The Lawyer’s new China Elite report contains the most detailed research available on the PRC legal market and contains unparalleled insight into the country's leading law firms. They vary in size, practice focus and geographic coverage, but they all share one common quality – ambition... Read more
This year, The Lawyer’s annual ranking of the largest UK law firms by turnover is available as an interactive, digital benchmarking tool. For the first time this will allow you to manipulate each data set against the metrics of your choice.
For the most part, UK law firms with more than 25 partners will either have already taken the decision to hire professional help to assist with their marketing, or have it on the agenda. But firms sometimes bring professional marketing expertise on board without having first worked out what they want. Unless the firm has carefully thought the role through, both the firm and the new recruit are likely to become disillusioned.
There are two professional marketing roles and these are often confused. Some marketing specialists are best described as "marketing directors"; others as "marketing services managers". A marketing director will be senior, experienced and able to offer real input to a firm's business planning, development and marketing activities to enhance its competitive position and achieve its strategic objectives. To do this the marketing director must be able to deal with the partners on an equal level.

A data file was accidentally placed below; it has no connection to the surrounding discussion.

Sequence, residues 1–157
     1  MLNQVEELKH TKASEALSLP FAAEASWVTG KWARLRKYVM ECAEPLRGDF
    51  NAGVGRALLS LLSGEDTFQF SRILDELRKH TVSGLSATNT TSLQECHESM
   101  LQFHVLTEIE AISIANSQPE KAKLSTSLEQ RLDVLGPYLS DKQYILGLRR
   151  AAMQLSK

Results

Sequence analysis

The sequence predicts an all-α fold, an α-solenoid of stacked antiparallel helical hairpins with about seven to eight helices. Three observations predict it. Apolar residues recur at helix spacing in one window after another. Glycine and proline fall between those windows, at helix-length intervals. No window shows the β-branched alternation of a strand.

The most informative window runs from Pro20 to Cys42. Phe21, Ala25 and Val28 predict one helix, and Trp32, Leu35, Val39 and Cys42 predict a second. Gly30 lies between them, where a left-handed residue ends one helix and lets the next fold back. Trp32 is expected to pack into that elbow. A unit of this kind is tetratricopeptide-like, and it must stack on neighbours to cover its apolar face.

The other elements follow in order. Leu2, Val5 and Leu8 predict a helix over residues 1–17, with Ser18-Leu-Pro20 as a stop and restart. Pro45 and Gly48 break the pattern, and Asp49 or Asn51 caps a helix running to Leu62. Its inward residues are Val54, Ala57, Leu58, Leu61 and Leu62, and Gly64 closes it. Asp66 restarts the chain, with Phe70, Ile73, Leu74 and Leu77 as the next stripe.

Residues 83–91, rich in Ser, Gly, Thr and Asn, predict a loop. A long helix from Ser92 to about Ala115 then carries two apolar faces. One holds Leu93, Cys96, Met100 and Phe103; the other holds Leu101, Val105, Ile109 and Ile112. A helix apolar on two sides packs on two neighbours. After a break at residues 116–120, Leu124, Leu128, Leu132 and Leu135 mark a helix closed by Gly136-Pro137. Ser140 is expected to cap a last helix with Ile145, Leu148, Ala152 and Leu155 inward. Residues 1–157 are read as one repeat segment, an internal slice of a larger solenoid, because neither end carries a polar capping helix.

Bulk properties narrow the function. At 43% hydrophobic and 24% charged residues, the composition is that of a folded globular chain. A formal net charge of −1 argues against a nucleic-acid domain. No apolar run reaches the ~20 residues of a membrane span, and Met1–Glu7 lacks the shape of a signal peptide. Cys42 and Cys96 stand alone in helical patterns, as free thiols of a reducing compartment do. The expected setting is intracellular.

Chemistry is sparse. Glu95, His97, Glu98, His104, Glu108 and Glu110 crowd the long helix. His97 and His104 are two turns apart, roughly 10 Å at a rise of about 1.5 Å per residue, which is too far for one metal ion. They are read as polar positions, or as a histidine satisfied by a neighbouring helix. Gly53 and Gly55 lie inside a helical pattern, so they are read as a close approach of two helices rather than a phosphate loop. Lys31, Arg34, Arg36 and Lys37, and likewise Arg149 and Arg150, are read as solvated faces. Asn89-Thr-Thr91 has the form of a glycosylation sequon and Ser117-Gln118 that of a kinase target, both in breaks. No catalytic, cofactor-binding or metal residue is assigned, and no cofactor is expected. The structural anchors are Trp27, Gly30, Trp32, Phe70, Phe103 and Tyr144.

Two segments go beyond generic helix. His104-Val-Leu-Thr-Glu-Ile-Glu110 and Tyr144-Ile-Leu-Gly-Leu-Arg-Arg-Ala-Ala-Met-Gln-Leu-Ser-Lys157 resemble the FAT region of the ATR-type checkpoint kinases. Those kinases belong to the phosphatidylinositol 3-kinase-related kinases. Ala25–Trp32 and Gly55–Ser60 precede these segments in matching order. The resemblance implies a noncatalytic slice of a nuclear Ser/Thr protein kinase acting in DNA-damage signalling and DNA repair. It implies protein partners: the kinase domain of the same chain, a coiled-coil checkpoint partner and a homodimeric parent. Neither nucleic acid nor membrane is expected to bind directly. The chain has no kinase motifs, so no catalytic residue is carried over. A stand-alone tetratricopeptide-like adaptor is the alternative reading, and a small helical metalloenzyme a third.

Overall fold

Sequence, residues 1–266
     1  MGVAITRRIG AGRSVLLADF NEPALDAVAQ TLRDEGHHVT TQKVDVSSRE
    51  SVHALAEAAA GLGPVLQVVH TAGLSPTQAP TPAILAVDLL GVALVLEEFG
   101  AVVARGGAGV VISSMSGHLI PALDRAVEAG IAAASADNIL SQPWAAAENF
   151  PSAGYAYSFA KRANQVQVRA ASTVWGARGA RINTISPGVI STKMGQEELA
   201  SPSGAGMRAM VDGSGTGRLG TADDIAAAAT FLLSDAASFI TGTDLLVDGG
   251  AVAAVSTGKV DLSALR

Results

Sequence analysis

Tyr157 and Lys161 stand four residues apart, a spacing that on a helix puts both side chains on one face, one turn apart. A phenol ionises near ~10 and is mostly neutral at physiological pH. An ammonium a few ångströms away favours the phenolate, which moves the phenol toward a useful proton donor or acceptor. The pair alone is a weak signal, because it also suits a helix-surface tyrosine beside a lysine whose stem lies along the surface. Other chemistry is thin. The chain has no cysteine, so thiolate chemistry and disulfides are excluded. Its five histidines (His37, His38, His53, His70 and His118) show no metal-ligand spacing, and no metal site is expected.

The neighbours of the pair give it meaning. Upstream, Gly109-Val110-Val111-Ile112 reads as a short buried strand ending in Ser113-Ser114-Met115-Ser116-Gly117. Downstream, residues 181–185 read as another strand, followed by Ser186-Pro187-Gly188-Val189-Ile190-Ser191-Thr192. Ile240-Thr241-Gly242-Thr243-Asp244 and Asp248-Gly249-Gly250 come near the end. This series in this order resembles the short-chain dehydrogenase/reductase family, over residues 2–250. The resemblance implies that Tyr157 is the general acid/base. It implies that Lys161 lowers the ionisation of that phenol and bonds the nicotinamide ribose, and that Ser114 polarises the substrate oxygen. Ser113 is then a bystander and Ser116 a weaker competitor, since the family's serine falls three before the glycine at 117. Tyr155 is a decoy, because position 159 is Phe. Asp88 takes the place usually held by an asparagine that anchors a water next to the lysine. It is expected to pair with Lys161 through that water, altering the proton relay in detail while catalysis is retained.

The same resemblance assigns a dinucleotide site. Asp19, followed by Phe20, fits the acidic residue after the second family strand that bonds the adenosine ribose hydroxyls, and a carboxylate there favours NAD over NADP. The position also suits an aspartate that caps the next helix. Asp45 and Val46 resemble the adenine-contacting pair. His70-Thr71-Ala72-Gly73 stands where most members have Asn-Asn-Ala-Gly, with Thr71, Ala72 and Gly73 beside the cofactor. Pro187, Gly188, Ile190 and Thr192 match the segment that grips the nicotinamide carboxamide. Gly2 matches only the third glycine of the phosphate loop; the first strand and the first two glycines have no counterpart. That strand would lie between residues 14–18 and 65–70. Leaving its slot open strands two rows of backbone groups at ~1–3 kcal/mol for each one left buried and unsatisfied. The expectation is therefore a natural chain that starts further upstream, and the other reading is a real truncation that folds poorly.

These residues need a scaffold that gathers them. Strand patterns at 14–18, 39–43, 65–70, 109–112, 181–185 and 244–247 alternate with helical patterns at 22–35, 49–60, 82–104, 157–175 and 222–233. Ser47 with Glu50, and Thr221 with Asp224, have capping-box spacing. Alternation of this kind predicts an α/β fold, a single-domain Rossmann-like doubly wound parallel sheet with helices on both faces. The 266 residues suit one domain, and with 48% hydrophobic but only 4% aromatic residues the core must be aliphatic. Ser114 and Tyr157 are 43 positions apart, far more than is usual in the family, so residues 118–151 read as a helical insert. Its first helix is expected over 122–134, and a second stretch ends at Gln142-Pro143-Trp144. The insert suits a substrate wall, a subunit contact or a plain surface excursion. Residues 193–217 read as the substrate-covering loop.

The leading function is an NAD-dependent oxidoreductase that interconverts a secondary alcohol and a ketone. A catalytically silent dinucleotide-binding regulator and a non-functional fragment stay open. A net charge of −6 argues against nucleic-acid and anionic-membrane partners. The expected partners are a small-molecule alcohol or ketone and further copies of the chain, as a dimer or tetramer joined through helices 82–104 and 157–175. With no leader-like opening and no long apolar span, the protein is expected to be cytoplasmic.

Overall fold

Most firms have (and need) a marketing services manager whose brief is to get things done. Though to be effective he or she needs to know the strategic objectives of the firm, decisions remain with the partnership. This is not to denigrate the role:a good marketing services manager ensures that publications are efficiently produced, that client seminars run smoothly, and that an effective database on clients, prospective clients and competitors is maintained.
Because the two roles are so often confused, firms run the danger of falling between stools: they try to have one person do both. The danger is that they end up with neither sensible marketing plans nor well organised client seminars. There are people who can perform both roles, but they are rare.
Many firms which already have professional marketing help would be well advised to review the firm's needs with the marketing director or manager. Too often the partnership will have entrenched attitudes, but if there is a sophisticated debate as to the firm's expectations then the result is likely to be better utilisation of resources and a better-integrated, better focused and happier marketing director or manager.